Welcome to part four of the Vita Consecrata Series! Thank you for joining us as we walk through Saint John Paul II’s reflection on what the consecrated life is and what role it plays in the Church and in the world.
After exploring the nature of consecrated life in previous chapters, the late Holy Father spends the third chapter of the exhortation reflecting on how consecrated religious serve as a “Manifestation of God’s Love in the World.” He writes:
In the image of Jesus, the beloved Son “whom the Father consecrated and sent into the world” (Jn 10:36), those whom God calls to follow him are also consecrated and sent into the world to imitate his example and to continue his mission. Fundamentally, this is true of every disciple. In a special way, however, it is true of those who, in the manner that characterizes the consecrated life, are called to follow Christ “more closely,” and to make him the “all” of their lives.
Consecrated persons are on mission “by virtue of their very consecration,” John Paul II writes, and they have the “prophetic task of recalling and serving the divine plan for humanity.” This is made possible through an intimate relationship with God, a solid experience with dialogue in fraternal life, and a deep understanding of the challenges of their time. In other words, there must be a close union between contemplation and action in their lives.
Consecrated religious must be prepared to evangelize through witness and proclamation, and they must be open to adapting in different cultures. Those specifically dedicated to the new evangelization must be ready to live the Gospel while reading the signs of the times. They must continue to give special attention to the poor in all states of affliction. New fields such as social communications need their attention, and the Church needs religious to engage in dialogue with other Christians, people of other faiths, and any seekers who turn to them. Most importantly, they must be able to do this with a “consistency between proclamation and life,” always affirming the primacy of God, even to the point of martyrdom.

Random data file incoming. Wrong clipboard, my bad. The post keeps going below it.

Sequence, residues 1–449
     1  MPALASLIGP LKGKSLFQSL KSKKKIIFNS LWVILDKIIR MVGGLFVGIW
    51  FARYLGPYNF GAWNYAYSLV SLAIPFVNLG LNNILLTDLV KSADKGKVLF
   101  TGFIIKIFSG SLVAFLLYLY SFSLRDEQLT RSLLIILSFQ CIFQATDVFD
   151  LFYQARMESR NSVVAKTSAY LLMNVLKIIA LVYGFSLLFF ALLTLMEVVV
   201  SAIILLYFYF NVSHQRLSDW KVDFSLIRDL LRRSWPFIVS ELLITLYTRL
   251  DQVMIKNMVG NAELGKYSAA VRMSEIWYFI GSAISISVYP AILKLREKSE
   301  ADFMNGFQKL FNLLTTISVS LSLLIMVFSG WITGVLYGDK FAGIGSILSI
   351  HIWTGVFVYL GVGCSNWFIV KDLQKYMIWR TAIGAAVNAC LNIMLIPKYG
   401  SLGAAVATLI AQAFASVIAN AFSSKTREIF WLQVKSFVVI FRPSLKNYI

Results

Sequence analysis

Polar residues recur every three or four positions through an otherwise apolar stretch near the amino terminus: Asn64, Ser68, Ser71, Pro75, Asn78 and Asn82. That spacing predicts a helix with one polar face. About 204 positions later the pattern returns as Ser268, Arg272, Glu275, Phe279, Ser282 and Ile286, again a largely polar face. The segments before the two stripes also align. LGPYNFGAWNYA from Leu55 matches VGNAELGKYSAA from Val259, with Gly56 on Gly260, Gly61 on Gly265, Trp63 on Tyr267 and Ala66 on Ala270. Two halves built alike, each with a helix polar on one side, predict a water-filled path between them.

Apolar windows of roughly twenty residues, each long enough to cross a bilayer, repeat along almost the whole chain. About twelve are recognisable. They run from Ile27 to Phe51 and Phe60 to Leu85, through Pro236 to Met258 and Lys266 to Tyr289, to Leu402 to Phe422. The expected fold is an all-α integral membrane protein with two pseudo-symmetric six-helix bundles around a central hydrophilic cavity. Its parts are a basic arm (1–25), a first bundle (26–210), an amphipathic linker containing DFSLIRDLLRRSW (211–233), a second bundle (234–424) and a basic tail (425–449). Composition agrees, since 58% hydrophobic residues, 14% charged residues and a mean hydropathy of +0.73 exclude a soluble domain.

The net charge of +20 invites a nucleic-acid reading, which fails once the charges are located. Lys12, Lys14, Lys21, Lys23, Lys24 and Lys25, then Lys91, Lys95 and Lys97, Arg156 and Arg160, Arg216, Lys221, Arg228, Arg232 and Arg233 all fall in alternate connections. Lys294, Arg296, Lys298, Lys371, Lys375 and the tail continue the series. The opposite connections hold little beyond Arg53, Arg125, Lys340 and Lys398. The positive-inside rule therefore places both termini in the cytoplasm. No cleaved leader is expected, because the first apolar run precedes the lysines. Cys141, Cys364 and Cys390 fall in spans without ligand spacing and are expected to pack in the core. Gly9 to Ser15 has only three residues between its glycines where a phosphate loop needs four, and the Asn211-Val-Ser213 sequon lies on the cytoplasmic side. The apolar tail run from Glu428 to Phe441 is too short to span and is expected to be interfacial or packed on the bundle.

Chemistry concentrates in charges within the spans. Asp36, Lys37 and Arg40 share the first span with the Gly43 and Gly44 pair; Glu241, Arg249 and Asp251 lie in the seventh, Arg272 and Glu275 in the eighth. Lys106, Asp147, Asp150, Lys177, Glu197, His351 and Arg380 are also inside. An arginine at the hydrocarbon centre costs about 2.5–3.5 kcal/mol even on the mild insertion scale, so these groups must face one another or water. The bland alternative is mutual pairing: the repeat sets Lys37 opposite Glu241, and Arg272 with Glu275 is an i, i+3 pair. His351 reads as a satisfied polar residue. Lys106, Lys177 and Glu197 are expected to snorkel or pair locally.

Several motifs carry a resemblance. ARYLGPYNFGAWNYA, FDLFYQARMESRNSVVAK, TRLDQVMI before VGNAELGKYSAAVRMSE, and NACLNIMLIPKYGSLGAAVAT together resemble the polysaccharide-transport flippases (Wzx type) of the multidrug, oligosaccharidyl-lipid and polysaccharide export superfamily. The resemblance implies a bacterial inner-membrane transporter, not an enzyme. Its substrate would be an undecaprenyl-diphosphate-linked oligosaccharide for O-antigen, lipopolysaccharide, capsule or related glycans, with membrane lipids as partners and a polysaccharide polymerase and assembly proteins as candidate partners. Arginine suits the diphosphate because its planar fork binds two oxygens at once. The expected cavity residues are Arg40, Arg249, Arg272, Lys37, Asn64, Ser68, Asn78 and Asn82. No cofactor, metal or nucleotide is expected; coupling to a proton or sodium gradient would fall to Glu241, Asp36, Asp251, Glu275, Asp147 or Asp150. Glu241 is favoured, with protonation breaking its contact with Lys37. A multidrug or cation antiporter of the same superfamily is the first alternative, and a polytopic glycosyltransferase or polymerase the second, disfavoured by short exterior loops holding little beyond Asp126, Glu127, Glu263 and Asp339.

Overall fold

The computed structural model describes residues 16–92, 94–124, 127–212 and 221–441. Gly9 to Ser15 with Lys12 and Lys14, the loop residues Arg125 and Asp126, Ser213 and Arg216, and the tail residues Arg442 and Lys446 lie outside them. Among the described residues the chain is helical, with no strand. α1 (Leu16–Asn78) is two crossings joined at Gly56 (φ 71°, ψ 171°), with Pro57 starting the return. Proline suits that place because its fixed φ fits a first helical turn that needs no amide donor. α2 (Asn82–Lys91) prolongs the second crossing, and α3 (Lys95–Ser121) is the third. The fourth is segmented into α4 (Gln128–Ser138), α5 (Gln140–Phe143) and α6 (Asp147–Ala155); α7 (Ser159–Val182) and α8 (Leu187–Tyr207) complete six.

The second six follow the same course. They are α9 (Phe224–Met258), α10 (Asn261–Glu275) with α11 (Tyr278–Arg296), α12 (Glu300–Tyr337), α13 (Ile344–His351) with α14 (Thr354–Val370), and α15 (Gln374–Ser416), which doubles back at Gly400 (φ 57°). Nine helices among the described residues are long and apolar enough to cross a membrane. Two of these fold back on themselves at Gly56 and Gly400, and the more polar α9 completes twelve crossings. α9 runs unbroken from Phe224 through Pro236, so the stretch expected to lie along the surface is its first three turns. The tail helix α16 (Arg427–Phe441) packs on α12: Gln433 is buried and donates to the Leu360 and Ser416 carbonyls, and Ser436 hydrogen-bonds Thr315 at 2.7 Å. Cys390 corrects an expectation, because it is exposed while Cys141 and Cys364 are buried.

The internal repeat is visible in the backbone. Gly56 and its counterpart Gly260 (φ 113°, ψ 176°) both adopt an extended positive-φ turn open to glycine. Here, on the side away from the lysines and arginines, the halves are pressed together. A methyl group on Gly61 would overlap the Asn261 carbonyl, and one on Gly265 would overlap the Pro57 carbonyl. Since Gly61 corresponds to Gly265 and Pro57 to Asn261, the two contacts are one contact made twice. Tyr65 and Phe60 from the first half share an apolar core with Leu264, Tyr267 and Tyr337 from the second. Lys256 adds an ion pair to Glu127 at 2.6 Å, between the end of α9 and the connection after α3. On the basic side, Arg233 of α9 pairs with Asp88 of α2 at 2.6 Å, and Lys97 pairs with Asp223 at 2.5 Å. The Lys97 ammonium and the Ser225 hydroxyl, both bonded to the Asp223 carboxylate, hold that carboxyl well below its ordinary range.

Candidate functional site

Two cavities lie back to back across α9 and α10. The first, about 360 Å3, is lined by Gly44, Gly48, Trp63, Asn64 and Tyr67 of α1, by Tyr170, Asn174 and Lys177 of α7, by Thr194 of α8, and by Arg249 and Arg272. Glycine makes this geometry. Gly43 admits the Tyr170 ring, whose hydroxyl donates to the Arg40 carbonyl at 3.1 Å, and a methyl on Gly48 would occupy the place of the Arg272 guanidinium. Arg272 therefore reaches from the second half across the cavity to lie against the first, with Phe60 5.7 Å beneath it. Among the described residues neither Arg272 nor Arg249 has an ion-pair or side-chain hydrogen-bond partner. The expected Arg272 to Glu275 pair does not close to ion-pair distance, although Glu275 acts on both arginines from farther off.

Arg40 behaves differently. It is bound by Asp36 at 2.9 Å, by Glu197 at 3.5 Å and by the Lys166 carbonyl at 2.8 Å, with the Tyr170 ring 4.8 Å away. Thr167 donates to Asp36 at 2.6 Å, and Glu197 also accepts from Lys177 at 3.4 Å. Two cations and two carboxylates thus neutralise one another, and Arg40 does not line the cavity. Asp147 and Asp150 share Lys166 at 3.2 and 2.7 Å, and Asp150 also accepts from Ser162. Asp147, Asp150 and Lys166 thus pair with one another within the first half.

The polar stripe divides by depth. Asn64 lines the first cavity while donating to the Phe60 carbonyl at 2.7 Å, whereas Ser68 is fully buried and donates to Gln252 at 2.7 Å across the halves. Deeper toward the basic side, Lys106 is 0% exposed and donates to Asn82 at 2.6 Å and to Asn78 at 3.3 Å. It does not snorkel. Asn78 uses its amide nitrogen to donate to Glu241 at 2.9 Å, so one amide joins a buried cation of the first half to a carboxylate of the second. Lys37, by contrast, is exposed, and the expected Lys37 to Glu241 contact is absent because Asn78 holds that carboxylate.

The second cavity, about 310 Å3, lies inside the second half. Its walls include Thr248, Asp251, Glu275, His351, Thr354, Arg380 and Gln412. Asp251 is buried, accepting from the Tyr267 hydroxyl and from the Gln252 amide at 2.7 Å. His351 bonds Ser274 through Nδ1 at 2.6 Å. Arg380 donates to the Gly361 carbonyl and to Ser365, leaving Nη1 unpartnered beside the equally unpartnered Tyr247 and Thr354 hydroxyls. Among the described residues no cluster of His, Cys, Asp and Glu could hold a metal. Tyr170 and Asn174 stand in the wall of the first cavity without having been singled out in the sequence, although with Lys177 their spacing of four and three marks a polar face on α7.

The evangelical counsels make it possible for consecrated religious to live out these different charisms, but it is a challenge to live chastity, poverty, and obedience with joy. This is why the spiritual life is so important, St. John Paul II writes:
To tend towards holiness: this is in summary the program of every consecrated life, particularly in the perspective of its renewal on the threshold of the Third Millennium. The starting point of such a program lies in leaving everything behind for the sake of Christ (cf. Mt 4:18-22, 19:21,27; Lk 5:11), preferring him above all things, in order to share fully in his Paschal Mystery.
The Church depends so heavily upon the prayers and the work of consecrated religious. Let us remember to pray for them, especially during this Year of Consecrated Life, that they may remain holy and strong in the face of the many challenges in our world.
Saint John Paul II, pray for us!